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GROWTH “The Smothering Arms Of Mercy”

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There are two things that you should probably know about Melbourne prog-death outfit Growth. First of all they are ambitious – I mean what other band jumps head first into their career with a trilogy of albums exploring something as deep as mental illness. And secondly they are a band that will never die wondering. As a band they try everything humanly possible on this album and unlike some other bands out there they live up to their prog description by wearing it as a badge of honour.

From the opening of first track “Cigarette Burns” you know that The Smothering Arms Of Mercy is going to be like no other album that you have heard this year. It opens like a band warming up before a gig, each instrument is all over the place and then everything falls into place as Luke Frizon’s (ex Jack The Stripper) powerful vocals hit… it is at that moment that you know that you are about to experience something very special with this album.

Next track, “The Treatment For Melancholy” has a more traditional opening but the prog side of Growth comes to the fore which crazy and edgy guitar work from Tristan Barnes while Frizon’s manic screams of “let me go” take this track into a dark yet brilliant realm that few other bands have ventured into this year.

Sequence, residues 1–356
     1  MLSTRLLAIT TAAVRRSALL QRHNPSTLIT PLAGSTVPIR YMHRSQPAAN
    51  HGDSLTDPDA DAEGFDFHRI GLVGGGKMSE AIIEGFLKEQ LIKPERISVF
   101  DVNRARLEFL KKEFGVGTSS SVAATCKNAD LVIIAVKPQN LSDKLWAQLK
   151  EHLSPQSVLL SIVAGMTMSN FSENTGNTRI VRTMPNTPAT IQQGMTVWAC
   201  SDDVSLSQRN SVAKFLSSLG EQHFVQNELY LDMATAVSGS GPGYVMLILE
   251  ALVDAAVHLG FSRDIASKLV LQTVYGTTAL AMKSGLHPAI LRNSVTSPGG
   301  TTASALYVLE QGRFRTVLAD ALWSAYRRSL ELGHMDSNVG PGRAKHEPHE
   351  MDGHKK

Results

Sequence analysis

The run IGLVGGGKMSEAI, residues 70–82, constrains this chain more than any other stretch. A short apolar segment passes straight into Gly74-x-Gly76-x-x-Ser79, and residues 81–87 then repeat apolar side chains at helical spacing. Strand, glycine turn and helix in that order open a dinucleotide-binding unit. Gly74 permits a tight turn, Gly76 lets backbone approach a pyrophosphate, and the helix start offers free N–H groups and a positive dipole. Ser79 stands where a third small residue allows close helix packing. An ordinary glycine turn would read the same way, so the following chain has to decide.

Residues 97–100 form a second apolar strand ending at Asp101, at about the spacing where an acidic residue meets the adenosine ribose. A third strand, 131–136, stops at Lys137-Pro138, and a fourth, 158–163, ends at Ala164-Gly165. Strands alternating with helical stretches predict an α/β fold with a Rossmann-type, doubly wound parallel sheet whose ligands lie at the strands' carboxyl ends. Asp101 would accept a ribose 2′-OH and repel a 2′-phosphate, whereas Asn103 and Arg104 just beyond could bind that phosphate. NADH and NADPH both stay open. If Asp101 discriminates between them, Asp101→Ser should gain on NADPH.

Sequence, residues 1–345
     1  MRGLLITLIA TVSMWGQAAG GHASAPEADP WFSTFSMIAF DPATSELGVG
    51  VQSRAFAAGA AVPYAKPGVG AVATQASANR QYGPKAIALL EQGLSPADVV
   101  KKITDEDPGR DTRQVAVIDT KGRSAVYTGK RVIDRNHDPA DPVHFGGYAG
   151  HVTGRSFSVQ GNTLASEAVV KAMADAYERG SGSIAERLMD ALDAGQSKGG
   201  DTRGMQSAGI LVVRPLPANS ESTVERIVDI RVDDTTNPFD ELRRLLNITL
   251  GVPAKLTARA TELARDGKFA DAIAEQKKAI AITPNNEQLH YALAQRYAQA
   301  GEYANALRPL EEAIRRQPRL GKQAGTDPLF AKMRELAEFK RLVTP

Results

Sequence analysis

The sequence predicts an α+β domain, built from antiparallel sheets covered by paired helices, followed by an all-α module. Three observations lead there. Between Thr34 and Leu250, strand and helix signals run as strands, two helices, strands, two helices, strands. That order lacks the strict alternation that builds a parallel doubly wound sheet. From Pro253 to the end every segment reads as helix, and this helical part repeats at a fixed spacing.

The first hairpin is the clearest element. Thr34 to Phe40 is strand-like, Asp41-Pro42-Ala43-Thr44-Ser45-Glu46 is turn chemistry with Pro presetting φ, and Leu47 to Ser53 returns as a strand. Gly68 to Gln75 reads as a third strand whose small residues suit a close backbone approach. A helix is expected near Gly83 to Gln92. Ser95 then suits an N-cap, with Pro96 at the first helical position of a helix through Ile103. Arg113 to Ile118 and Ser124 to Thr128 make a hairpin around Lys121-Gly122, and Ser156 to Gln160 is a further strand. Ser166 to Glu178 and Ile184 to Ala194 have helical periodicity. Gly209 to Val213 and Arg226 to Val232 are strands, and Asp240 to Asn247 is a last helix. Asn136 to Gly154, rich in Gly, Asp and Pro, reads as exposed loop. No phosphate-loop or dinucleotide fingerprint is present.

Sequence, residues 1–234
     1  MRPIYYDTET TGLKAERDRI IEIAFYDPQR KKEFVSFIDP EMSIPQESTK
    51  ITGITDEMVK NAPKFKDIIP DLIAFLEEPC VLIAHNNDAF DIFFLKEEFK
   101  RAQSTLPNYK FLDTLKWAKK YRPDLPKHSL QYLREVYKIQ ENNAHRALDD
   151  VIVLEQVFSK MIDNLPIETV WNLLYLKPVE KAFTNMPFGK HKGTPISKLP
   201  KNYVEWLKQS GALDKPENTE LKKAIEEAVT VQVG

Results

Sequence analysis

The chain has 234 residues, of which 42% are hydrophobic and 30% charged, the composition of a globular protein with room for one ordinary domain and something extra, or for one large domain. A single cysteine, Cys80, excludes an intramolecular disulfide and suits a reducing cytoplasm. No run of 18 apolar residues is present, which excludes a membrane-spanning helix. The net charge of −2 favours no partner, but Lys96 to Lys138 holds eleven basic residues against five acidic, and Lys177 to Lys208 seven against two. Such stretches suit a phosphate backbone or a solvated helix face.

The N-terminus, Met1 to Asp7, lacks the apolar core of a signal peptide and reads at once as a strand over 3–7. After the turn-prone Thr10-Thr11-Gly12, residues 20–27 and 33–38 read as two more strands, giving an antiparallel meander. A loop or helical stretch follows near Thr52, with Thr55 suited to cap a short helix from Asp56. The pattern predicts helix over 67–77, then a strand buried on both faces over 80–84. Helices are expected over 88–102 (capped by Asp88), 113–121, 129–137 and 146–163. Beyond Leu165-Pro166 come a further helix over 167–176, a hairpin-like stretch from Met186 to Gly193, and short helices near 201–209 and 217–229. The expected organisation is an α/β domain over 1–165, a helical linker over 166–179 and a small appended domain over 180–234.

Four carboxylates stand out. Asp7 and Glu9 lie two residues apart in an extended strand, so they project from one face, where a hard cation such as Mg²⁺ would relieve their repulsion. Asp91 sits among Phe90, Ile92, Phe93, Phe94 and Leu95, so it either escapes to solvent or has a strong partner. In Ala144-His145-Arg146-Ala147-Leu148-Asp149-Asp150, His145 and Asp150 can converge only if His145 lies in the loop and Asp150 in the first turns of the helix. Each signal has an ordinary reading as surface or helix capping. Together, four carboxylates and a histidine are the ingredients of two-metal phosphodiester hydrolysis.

That wide difference between Growth and any Aussie artists this year becomes even more apparent with “Fortress Of Flesh And Bone” which starts with some slow, moody guitar that literally has the audience hearing every moment of reflection from Barnes. Then throughout the tracks we are treated to an onslaught of Frizon’s vocals while each instrument seems to be doing its own thing while at the same time also working in unison to bring us some of the most pleasant prog-death that you are ever likely to hear.

Even the more traditional sounding tracks like “Our Lady Of The Hanging Heart,” “Lead Us To Our Glorious Times” and “Darkly It Tightens Its Grip” are made ten times better by Frizon’s amazing vocals while the manic sound of the band’s instrumental side returns on “Soul Rot.”

Again “Something Follows” sees the strong instrumental side of Growth come to the fore and the band’s brilliance is there for all to hear on an epic closing track that never lets up for the entire 11 minutes of its life. It is a track of an epic scale but is sheer brilliance.

I have hear some great albums in 2020 but none even come close to the amazing, epic nature of “The Smothering Arms Of Mercy.” This is an album like no other and heralds the start of a band that is surely going to become one of the heavy greats.

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